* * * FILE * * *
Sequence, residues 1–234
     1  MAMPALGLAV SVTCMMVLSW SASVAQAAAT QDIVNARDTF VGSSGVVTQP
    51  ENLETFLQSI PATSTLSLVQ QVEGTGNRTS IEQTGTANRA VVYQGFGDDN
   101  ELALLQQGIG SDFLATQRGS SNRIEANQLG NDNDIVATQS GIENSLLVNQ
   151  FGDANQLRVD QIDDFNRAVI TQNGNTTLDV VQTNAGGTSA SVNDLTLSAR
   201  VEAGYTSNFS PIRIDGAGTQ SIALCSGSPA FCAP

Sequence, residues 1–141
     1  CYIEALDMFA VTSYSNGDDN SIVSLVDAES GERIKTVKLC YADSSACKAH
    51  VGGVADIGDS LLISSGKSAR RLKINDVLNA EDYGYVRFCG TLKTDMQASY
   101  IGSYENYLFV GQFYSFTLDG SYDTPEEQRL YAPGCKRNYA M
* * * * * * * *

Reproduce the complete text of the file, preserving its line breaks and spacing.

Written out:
Sequence, residues 1–234
     1  MAMPALGLAV SVTCMMVLSW SASVAQAAAT QDIVNARDTF VGSSGVVTQP
    51  ENLETFLQSI PATSTLSLVQ QVEGTGNRTS IEQTGTANRA VVYQGFGDDN
   101  ELALLQQGIG SDFLATQRGS SNRIEANQLG NDNDIVATQS GIENSLLVNQ
   151  FGDANQLRVD QIDDFNRAVI TQNGNTTLDV VQTNAGGTSA SVNDLTLSAR
   201  VEAGYTSNFS PIRIDGAGTQ SIALCSGSPA FCAP

Sequence, residues 1–141
     1  CYIEALDMFA VTSYSNGDDN SIVSLVDAES GERIKTVKLC YADSSACKAH
    51  VGGVADIGDS LLISSGKSAR RLKINDVLNA EDYGYVRFCG TLKTDMQASY
   101  IGSYENYLFV GQFYSFTLDG SYDTPEEQRL YAPGCKRNYA M